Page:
Evidence linking testosterone replacement therapy and heart attacks has been growing since 2010. However, many lawsuits accuse drug-makers of downplaying this risk information. If you had a heart attack after using Fortesta, you are not alone.
What is the problem?
One of the first studies linking testosterone and heart attacks was published in 2010 by the New England Journal of Medicine. Researchers wanted to know whether testosterone would improve the health of older men with limited mobility. Instead, the study was halted prematurely after 23 men on testosterone had heart attacks, vs. 5 men on a placebo.
Fortesta and Heart Attack
Fortesta (testosterone gel) can increase the number of red blood cells in your body. This may also thicken the blood, elevate blood pressure, and increase the risk of blood clots. If a blood clot gets stuck in a coronary artery, it can potentially cause a heart attack.
FDA Requires Warnings About Testosterone Heart Attack Risk
March 3, 2015 — In a Safety Communication, the FDA has required warning about the possible increased risk of heart attacks on the label for Fortesta and all testosterone replacement products. The FDA cautions that Fortesta is not approved or recommended for the treatment of “Low T” associated with aging. They are also requiring new clinical trials to assess the risk of heart attacks from Fortesta. Click here to read more.
Patients using Fortesta should seek medical attention immediately if symptoms of a heart attack or stroke are present, such as:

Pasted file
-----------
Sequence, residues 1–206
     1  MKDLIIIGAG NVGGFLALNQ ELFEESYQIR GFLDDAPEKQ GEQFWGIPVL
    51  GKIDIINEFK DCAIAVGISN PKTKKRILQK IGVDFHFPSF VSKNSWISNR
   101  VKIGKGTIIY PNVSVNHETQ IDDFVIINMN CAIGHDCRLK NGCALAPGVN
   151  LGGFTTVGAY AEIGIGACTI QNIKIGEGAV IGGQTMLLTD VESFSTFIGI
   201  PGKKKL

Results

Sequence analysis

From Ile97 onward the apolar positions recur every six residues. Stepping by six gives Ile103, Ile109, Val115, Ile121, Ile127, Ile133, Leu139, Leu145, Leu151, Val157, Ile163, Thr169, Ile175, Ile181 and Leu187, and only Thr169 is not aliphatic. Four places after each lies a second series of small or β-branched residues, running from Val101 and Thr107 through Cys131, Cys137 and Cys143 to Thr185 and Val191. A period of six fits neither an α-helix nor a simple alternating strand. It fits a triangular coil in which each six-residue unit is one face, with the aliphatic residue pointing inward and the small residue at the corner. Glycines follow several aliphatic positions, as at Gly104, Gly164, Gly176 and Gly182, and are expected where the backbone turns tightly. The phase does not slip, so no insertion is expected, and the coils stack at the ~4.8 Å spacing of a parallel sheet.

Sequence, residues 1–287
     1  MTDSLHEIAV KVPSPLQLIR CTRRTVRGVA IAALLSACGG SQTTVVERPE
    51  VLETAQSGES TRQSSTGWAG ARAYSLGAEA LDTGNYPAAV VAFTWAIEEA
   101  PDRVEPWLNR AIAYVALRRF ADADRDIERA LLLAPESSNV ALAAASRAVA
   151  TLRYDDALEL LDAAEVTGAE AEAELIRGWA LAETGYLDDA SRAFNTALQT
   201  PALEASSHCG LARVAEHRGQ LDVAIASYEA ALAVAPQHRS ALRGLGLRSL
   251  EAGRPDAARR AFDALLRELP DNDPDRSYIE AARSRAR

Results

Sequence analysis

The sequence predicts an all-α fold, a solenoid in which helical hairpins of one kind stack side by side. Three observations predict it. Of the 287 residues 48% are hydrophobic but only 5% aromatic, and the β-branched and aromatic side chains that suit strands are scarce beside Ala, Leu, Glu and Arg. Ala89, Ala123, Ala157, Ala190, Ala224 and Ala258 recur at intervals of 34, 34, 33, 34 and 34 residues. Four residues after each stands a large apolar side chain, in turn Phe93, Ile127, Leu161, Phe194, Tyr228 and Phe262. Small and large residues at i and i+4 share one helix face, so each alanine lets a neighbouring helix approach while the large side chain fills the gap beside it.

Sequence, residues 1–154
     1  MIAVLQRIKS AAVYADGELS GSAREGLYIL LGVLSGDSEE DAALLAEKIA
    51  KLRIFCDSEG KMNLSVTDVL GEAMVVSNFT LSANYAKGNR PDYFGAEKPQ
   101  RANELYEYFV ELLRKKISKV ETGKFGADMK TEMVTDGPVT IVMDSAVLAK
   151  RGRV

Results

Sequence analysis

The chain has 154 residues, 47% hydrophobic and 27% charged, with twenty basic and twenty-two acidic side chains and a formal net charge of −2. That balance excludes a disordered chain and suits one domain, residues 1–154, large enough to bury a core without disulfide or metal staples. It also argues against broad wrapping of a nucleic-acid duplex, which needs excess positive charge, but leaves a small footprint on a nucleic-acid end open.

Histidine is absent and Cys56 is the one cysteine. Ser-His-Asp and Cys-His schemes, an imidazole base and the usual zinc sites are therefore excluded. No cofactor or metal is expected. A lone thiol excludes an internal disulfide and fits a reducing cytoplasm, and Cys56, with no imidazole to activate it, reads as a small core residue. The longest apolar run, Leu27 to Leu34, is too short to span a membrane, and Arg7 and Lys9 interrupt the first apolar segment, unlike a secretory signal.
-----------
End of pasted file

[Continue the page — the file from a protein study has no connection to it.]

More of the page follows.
- Chest pain
- Shortness of breath or trouble breathing
- Weakness in one part or one side of the body
- Slurred speech
What is a Heart Attack?
Like all muscles in the body, the heart muscle needs a constant supply of oxygen-rich blood. Heart attacks occur when something blocks at least one coronary artery, which is the blood vessel that carries oxygen-rich blood to the heart muscle. Within a few minutes, tissues are “starved” of oxygen and begin to die. The amount of damage depends on the size of the area that did not receive oxygen and the amount of time until treatment.
Warning Signs of a Heart Attack
Not all heart attacks produce symptoms (“silent” heart attacks). When symptoms appear, they usually include:
- Chest pain or upper-body discomfort: Usually occurs gradually, but may be sudden. Often described as a sense of tightness, crushing, or squeezing pain, sometimes feels more like back pain, indigestion, or heartburn.
- Shortness of breath: Occurs when a heart attack limits the amount of oxygen-rich blood that is supplied to the body.
- Sweating excessively
- Feeling tired
- Nausea, vomiting
- Light-headedness, dizziness, or losing consciousness
- Anxiety; feeling like something is wrong
Call 9-1-1 right away — within 5 minutes — if you or someone else is having a heart attack. Paramedics can begin life-saving treatment with supplemental oxygen, aspirin to prevent further clotting, heart medications (nitroglycerin), pain medications, and defibrillators if the heart stops working.